In May 1942 he was elected Provost of Trinity. .The following year, he attended a series of lectures given at Trinity by the Nobel Prize winning Austrian physicist,Erwin Schrodinger. Professor Schrodinger was then living in Dublin working as Head of the Dublin Institute of Advanced Studies (DIAS).
His lectures at Trinity,in February 1943,entitled “What is Life” would inspire a new generation of scientists to research the structure of the human genome and work out how genetic information might be stored. The result of this was the discovery of the double helix structure of DNA in 1953. Schrodinger’s lectures at Trinity are regarded as among the most significant Scientific talks of the 20th century.
In May 1945,on VE Night,as Europe celebrated the end of the war in Europe,there was serious rioting in Dublin between Trinity students and UCD students. Some Trinity students burned the Irish flag and some UCD students responded by burning the British flag.
Professor Alton was deeply angry and embarrassed by the actions of his students. and condemned them. He was anxious to integrate Trinity fully into Irish life and end the perception that it was still a Unionist “West British” institution. He wrote that he “intended to do all in his power to make TCD a truly national college and to prevent any developments of an anti Irish nature.”
His friendship with De Valera and other government ministers helped secure Trinity its first grant from the Irish State in 1947. Alton was noted for his great personal charm,which “conciliated some enemies and won the college new friends.” In early 1952,shortly before his death,Alton was greatly cheered by a visit from De Valera who informed him that “a very substantial increase in the college grant could be expected.”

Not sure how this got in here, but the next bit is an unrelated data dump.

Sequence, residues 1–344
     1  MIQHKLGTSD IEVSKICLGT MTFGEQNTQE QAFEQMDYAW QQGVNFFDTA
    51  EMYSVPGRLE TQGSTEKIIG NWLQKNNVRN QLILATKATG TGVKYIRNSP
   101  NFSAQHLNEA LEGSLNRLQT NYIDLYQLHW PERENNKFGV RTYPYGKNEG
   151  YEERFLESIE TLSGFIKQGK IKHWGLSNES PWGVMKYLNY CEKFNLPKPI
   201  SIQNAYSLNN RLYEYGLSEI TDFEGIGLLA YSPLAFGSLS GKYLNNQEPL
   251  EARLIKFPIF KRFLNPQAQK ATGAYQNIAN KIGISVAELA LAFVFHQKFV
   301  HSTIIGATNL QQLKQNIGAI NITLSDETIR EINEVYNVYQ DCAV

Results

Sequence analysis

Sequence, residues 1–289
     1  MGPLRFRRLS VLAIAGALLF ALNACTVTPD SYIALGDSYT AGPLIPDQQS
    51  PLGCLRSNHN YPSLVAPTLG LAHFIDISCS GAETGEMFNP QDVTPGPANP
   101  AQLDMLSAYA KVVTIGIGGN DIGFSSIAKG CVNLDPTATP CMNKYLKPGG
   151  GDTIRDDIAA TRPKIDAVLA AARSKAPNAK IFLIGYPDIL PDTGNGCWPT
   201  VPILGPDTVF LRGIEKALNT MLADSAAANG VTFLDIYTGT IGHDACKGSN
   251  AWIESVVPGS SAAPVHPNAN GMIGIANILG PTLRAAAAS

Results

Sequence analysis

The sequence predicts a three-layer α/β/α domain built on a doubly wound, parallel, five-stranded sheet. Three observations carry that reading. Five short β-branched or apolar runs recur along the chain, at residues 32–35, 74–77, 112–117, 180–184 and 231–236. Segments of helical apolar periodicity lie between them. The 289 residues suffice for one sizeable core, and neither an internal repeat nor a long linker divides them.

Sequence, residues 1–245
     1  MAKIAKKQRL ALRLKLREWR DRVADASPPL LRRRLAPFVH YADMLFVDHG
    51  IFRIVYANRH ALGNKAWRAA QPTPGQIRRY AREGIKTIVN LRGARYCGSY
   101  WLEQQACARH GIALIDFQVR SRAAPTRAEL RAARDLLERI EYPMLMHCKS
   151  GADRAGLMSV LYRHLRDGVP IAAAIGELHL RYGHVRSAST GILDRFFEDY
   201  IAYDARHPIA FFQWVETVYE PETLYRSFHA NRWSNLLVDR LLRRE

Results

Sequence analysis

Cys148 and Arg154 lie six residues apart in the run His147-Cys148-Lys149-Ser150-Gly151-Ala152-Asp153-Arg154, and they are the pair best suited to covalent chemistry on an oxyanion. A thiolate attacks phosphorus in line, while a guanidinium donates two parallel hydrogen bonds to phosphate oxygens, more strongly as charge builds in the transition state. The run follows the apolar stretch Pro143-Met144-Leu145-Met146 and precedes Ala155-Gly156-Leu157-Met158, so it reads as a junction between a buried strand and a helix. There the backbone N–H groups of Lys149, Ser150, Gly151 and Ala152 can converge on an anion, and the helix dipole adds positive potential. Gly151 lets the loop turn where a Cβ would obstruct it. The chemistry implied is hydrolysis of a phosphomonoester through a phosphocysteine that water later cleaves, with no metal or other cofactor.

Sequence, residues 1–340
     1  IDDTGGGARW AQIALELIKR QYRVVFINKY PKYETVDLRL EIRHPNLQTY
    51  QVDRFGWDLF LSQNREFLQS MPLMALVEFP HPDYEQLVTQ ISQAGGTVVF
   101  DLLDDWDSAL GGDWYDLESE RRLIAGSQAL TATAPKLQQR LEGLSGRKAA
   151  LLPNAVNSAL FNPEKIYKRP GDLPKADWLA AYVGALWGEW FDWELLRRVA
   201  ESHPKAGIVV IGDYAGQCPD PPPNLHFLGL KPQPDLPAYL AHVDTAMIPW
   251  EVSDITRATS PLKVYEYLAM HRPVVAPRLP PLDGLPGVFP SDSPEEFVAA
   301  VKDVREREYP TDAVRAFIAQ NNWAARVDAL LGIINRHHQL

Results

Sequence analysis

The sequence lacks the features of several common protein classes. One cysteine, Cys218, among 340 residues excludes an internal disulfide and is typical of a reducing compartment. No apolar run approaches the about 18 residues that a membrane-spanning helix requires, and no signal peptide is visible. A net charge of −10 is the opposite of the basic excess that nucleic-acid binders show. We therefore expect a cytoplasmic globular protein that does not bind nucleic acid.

Ernest Alton died on February 18th 1952,aged 75. His funeral cortege proceeded from Provost’s House across the Trinity Courtyards to the College Chapel for the funeral service.A tribute to him from a colleague noted ” A chapter of college history closes. The man and his college were one”
Professor Alton’s nephew, Bryan Alton was personal doctor to Eamon De Valera for many years. He followed his uncle into politics,serving as a member of the Senate representing Trinity College from 1965 to 1973.One of Ernest Alton’s grandsons,R.J Babington,also had a short political career. He was Unionist M.P for North Down in the Northern Ireland Parliament from 1969 to 1973.
By Historian RUTH ILLINGWORTH ©